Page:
I was astonished to discover yesterday that Egypt has a Green Party, an oxymoron if ever there was one. Protecting the environment in Egypt is – unsurprisingly – the main thrust of their platform, and in terms of a challenge this must rank alongside the Campaign to Rid the Night of Darkness, or Popular Party for a Ban on Hair Gel in Professional Football.
I don’t mean to deprecate their efforts since their objective of preventing us all from choking to death in Cairo is important, and unless it is realised we won’t be able to continue stepping all over each other and be abused and harassed by the state and its minions etc. In any case when I arrived I spied an artist-type elderly gentleman sporting a beret and a yellow handkerchief in his breast-pocket, which only cemented my commitment to the cause; seeing a spiffily dressed senior citizen who looks like he might break into a Charles Aznavour song at any moment always gives me a warm feeling. I was further impressed by a sign kindly thanking us not to smoke, and even more so by the fact that 30-odd Egyptian males were actually taking heed of this injunction. At the NGO I used to work in we would use the ‘visibility test’ to determine whether the boss had arrived yet or not; if we could see his secretary clearly he still wasn’t there yet. If we could just about make her out through a cloud of smoke he had been in the office for ten minutes. If however we required night vision goggles to assist us as we felt our way to her desk he had been there for some time, and was probably in a meeting.
I had tagged along to this seminar with Sharshar, whose friend was talking in it. The speakers were discussing Cairo’s environmental, urban planning, poverty and overcrowding issues as well as the fact that the city can boast the dubious honour of being the world’s most polluted metropolis. They even endeavoured to formulate solutions to these gargantuan problems other than blowing the whole place up and starting over – although numerous audience members did tout the idea of moving Egypt’s capital somewhere else. I was thinking Miami, because it has nice beaches and the military aid won’t have to travel as far. It is incredible that Cairo has sixteen million people squashed into it compared to Alexandria’s four million and Tanta’s one million, but unsurprising all the same given that nobody wants to leave and go live in the new cities given the spectacular lack of infrastructure planning put into them – people have a house, but no school, hospital or supermarket (no orders at 2 a.m.!!). Someone made the incredibly sad remark that Heliopolis – which was the 19th century equivalent of 6th October City – was constructed by the Belgian Baron Empain purely for profit and yet 100 years later remains a paradigm of architectural elegance. He compared it with Medinat Nasr, constructed by the government presumably for the people, and aesthetically speaking the Borat to Baron Empain’s George Clooney; it functions and all, but is ugly, unappealing and crude.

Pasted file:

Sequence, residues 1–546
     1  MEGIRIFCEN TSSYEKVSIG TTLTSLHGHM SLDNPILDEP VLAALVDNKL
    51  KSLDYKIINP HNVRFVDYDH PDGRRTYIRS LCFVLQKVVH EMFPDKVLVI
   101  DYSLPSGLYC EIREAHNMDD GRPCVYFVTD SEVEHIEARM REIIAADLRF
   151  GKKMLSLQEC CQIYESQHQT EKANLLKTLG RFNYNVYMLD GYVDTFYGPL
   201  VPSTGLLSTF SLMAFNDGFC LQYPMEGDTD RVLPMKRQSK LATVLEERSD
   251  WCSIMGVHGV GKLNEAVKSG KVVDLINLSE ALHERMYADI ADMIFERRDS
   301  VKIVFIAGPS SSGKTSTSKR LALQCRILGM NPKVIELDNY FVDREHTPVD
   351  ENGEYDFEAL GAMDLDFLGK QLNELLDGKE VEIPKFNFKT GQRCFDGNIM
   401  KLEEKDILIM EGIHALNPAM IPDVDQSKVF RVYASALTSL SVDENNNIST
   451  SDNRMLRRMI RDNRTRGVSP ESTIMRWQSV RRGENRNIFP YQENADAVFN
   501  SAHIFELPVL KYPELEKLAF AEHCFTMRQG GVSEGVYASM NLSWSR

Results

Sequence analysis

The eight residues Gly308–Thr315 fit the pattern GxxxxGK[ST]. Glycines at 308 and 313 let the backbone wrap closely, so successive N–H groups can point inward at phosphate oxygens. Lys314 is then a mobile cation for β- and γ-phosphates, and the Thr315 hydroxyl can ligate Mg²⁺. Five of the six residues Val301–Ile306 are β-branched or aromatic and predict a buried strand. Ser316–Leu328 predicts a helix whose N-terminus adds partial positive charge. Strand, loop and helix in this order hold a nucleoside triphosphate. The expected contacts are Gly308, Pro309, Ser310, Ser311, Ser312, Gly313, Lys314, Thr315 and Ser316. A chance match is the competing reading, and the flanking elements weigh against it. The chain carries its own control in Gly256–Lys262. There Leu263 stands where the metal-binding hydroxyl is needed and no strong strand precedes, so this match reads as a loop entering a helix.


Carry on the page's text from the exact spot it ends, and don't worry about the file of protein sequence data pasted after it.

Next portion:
Another speaker posited the idea that people litter the street as a way of expressing discontent with the government. This prompted me to think that mass protest could take the form of people dumping the contents of their waste bins and car ashtrays etc in front of a government minister’s flotilla of cars as it passes – this would at least fill the time as we wait half an hour for them to be on their bloody way. My thoughts were interrupted by a particularly enervated audience member behind me who, being so incensed by corruption, maladministration and crappy streets was speaking with great gusto, and in the process kept knocking me on the head with his prayer beads.
After the usual round of ‘Masr deih balad 3azeema’ platitudes someone pointed out that even in Amreeka Shababeeka corrupt individuals steal from government coffers and in the process rip off the people, but the difference is that at least they do it with a sense of national pride; they stay in the country and perversely the money ends up back in the economy. Compare with the Egyptian situation where thieves with an equivalent sense of commitment don’t exist. A bright spark quipped ‘yes, they’ve all run away to America’ which rounded off an interesting – if long – evening and again confirmed that Egyptian humour seems to get better the harder circumstances get. Should the country actually implode as the Green Party and others seem to be forecasting, my sides will presumably be aching with laughter.